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Sarah Palin: From Here to Presidency

FROM POLITICS DAILY:

It is noon, Jan. 20, 2013. Sarah Palin raises her right hand to be sworn in as the 45th president of the United States.

Palin had won a decisive victory over the incumbent, Barack Obama. The country was still trapped in economic rubble, and voters had tired of Obama's campaign slogan, "I Inherited This."

The experts debated whether this was a recession with 10 percent unemployment or a depression with 100 percent malaise.

By far the largest voting bloc in the United States turned against Obama -- those who had no health insurance, which was everyone but government workers. The rich paid for their medical care at hospitals within their barricaded communities.

Reform efforts had collapsed when Republicans successfully used the "socialism" label to tarnish any proposed changes.

On the other side, Democrats couldn't agree on anything. Every attempt to reach political compromise had been poisoned by the ideological-purity demands from those on the left.

After years as co-host of "The Jerry Springer Show," Sarah Palin had returned to the fray and run an unstoppable campaign. She had assembled a brilliant staff. The only requirement was that no one could have ever worked for John McCain.

In the primaries she swept aside Mitt Romney and Bobby Jindal. It was really no contest: Both opponents literally put nationwide audiences to sleep even before debate anchors-commentators got to the YouTube questions.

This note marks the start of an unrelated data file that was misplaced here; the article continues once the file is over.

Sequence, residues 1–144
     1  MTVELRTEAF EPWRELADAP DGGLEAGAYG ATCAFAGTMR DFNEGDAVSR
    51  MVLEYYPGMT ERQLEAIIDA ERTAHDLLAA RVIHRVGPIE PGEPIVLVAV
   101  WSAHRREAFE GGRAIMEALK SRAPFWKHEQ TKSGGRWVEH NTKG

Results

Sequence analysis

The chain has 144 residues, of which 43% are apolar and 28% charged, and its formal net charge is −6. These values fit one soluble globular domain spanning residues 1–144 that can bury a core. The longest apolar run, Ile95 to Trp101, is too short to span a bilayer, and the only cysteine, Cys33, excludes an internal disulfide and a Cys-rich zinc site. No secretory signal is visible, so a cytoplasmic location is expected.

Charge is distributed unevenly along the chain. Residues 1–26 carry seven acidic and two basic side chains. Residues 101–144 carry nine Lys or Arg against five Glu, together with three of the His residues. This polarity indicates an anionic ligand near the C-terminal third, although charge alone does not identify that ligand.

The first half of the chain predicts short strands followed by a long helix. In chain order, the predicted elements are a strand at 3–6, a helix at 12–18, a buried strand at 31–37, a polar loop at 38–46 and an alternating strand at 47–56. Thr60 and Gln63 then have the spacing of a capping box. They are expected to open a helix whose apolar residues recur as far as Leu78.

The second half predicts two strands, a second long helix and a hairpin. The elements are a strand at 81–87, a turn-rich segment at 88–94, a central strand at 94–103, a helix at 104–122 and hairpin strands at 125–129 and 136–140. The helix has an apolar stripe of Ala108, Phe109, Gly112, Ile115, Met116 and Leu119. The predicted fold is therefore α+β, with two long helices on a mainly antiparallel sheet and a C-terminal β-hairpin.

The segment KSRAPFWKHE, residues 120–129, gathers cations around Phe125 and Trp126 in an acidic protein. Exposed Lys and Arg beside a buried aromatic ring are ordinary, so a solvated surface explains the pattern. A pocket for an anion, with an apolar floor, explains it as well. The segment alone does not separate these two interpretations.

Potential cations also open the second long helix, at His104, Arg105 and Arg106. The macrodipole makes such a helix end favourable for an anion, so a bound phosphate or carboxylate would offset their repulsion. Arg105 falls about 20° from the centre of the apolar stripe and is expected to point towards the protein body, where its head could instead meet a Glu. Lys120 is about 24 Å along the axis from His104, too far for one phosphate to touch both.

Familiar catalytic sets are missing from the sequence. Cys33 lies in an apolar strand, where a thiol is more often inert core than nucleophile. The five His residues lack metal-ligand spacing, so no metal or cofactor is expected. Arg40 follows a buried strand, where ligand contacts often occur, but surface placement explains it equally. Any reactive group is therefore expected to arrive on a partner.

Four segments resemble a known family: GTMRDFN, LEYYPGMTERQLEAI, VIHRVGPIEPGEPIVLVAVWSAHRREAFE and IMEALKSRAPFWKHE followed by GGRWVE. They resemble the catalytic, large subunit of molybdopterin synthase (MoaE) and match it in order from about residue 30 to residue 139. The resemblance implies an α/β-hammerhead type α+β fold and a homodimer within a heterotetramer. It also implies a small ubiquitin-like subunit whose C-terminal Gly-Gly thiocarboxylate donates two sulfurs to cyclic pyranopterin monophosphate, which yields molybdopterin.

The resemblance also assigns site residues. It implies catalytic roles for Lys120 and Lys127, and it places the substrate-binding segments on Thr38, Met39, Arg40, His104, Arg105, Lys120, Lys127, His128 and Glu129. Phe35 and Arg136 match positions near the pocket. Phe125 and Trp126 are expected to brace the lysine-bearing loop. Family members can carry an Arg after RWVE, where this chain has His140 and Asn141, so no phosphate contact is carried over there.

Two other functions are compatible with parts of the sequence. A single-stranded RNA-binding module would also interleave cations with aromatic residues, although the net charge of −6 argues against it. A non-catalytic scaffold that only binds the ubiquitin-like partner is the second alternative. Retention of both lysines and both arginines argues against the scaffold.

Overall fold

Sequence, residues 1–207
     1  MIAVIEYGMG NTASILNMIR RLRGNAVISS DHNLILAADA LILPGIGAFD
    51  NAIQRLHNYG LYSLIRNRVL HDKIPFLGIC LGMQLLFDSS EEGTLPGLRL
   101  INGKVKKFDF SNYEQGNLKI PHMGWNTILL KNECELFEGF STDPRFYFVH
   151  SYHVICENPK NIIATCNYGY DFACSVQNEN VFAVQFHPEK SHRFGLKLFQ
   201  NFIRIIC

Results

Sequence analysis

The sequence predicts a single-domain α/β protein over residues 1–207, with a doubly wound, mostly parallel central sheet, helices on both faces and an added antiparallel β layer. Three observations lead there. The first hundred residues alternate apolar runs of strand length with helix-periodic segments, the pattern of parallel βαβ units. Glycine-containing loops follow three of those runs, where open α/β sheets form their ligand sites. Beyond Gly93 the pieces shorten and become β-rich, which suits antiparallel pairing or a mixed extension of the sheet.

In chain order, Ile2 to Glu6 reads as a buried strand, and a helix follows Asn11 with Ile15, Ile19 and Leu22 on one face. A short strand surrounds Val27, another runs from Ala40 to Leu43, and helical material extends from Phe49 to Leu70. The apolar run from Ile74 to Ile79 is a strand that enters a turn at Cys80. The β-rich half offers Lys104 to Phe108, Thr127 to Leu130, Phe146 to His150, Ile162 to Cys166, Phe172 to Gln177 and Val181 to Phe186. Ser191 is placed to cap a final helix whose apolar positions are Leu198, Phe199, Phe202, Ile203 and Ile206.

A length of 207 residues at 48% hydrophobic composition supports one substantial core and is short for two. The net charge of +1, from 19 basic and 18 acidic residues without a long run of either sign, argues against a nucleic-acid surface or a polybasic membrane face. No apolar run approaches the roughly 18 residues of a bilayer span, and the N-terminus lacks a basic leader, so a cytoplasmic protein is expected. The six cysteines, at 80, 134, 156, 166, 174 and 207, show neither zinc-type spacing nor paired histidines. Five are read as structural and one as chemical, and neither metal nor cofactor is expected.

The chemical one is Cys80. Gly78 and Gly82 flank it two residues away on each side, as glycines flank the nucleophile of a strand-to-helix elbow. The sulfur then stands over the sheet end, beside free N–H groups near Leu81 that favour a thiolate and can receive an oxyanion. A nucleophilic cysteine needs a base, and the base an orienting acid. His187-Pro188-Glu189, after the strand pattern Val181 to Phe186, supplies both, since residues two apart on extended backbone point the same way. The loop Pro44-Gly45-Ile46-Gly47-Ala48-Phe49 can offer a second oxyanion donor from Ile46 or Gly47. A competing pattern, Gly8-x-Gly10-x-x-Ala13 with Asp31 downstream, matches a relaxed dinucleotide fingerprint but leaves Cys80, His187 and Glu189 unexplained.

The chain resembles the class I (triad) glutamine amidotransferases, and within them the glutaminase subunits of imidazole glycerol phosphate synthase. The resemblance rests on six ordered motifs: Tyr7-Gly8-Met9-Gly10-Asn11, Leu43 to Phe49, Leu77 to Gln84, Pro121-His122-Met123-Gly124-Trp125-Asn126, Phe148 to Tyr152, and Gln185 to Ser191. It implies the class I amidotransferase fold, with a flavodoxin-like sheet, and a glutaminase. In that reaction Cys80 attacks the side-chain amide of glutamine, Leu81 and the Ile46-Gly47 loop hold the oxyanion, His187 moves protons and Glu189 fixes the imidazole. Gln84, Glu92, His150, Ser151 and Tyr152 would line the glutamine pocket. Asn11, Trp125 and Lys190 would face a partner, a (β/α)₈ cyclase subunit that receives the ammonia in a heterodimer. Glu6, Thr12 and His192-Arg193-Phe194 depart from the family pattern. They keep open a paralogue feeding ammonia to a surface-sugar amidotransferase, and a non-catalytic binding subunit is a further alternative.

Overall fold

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Palin convinced Newt Gingrich to join her on the ticket as vice president by promising he'd really be in charge of the administration -- similar to the arrangement between Dick Cheney and George W. Bush.

Gingrich had filled a key role in the campaign, holding together the all-important bigot base by repeatedly calling Obama a racist.

He would be joined in the White House hierarchy by the new president's husband, Todd, who would continue his traditional role of chief of staff, a job he'd gotten by sleeping with the boss (Sarah, not Newt).

As president-elect, Palin had already named her attorney general, lawyer and Fox News host Greta Van Susteren, a reward for years of unwavering support. Van Susteren immediately announced a task force to find missing blondes. It would be chaired by Nancy Grace.

Van Susteren's husband, John Coale, would continue to operate the Palin Legal Defense Fund which, by now, was valued in the billions as new ethics charges piled up, along with billable hours.

Press Secretary Sean Hannity announced that following the inauguration, the new president would go fishing for salmon. In the Potomac. Then she would call the Russian leader, Vladimir Putin, her old neighbor.

But first, the swearing in. This time Chief Justice Roberts was flawless, putting all the words in their proper order as he administered the oath.

In tent cities around the nation, Americans gathered to watch on giant TV screens brought in because their sets had been repossessed. The United States celebrated its first female president.

In her inaugural address, President Palin insisted that the chief executive should represent not just the women of the nation but "all those guys out there who think I'm hot."

With that, she resigned.

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This page contains a single entry from the blog posted on July 22, 2009 10:08 AM.

The previous post in this blog was Gridlock at the Intersection of Gays, Guns and the Voters.

The next post in this blog is The Watergate and the Economy. Scandals Then and Now.

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